If you know any people outside the railfan community who have ever ridden an Amtrak train you will find that they were generally horrified. They cannot fathom "why it takes so long" nor why "at one point we just sat there without moving for like 45 minutes". They are also shocked at how worn and marginal the cars are...how rough and cloddy the track is...how "ghetto" the crew acts...how terrible the food was...I can go on.

Railfans always look for the silver lining when they ride trains...they excuse a lot because the like train travel. But long distance trains are just a novelty at this point. A yuppy can drive to Florida in their Ford Explorer...listen to NPR the whole way...stop in Atlanta for a yogurt and green tea...and never have a bad moment. Or they can ride in a obsolete, noisy, marginal contraption with 97 people who were too poor to afford to fly. You see how this is going to play out.

Now...watch 300 railfans say "I think the food is pretty good".

T7


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 Post subject: Re: Amtrak - Geographical Service Gaps by Rail, Why?
PostPosted: Mon May 27, 2013 8:27 pm 

Joined: Fri Mar 05, 2010 3:41 am
Posts: 3032
Location: Inwood, W.Va.
With all proper and due respect to Termite 7, the general public, or at least the segment that does take trains, isn't quite as unforgiving as he suggests, at least if one judges from the commentary that comes from newspaper stories and other media, like these:

http://articles.washingtonpost.com/2012 ... nia-zephyr

http://www.airlinereporter.com/2012/06/ ... n-airline/

http://www.epinions.com/review/16614978 ... 24164?sb=1

http://www.tripadvisor.com/ShowTopic-g1 ... ravel.html

http://www.tripadvisor.com/Attraction_R ... ntana.html

One thing that stands out is that the bunch writing the reviews for "Trip Adviser" and the like "sound" older to my readings, as retired people with time and money to spend, if not always too much. They seem to realize the service isn't all it could be, but overall, they don't think it's horrible, either (of course, there are always crabs, read those same sources for reviews of Cass to see what I mean). They both pine for the old stuff we like so well, and also desire the modern counterparts, exemplified not only by the high-speed systems of Europe and Asia, but the conventional services as well. They like not having to drive in strange places, and I can't say I blame them, especially if you are having to navigate a 12 lane or more highway you haven't seen before with traffic that is either going at a maniacal pace or creeping slowly enough to make walking speedy by comparison. (I've done that around Washington, DC, more than once, and had enough bad experiences that I will never drive there again.)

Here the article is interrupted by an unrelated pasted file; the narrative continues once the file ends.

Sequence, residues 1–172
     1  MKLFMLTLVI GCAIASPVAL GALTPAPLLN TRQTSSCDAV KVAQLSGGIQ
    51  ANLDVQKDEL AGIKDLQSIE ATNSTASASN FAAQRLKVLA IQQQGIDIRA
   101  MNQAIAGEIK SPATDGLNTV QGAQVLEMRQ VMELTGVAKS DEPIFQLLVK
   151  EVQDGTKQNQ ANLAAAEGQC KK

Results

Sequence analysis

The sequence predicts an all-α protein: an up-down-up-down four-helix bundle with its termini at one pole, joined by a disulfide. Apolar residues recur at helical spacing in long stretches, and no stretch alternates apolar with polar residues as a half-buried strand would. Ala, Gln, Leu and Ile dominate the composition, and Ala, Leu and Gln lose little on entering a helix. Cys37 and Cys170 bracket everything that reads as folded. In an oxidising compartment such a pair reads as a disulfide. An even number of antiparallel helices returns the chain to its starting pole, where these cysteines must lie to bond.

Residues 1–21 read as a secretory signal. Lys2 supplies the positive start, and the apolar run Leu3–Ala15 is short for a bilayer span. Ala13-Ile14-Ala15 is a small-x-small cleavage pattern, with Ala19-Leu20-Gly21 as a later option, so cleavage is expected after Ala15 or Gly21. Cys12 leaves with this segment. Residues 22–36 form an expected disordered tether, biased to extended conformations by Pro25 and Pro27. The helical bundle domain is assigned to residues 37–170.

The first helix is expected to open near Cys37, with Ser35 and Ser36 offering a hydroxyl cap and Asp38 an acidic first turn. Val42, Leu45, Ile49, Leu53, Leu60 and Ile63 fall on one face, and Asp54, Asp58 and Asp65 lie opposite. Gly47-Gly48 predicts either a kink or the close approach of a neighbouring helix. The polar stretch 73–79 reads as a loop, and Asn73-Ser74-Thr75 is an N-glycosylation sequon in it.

Only a couple of bad reviews, but they are there. . .

http://www.tripadvisor.com/Attraction_R ... ml#REVIEWS

Creaky, clanky, bureaucratic, dinosauric Amtrak has had its passenger counts going up for something like 9 or 10 years now, and reportedly has something like a 75% share of the air-rail travel market in the Northeast Corridor. Although the review writers noted above seem to "read" older, a lot of the train travel market, and the public transportation market, is being driven by young people who aren't thrilled with driving. Seems they like being able to use electronic gizmos while traveling, something you can't do in a car, and car travel itself is now a hassle, as I've noted above. It's no longer the "freedom" thing it used to be.

If our nearly third world Amtrak can get patronage like it is, what could it do with a little bit of strategic expansion and upgrading?

Hmmm, a bit of dreaming here, what about an Amtrak "Heritage" service level, featuring something like the Pullman Experience operation, perhaps even with steam and heavyweight, open-window cars on some daylight trains, something like Canadian National's operations with the 6060 in the years just before VIA?

A bit on the "bad reviews" of Cass, and a potential "problem" for anyone running coal-burning steam--I've been told that Cass, for a while, quit running their "cinder cars," the open flats with just handrails and benches. Seems they got complaints from people who had clothes with all those oily spots and even holes burned through from the cinders the Shays spit out. I was told one irate lady buttonholed the park superintendent there, and exclaimed to him, "You've ruined my clothes! You've ruined my clothes! Your brochure says you run a steam train. It doesn't say you run a coal train!"

Ah, people. . .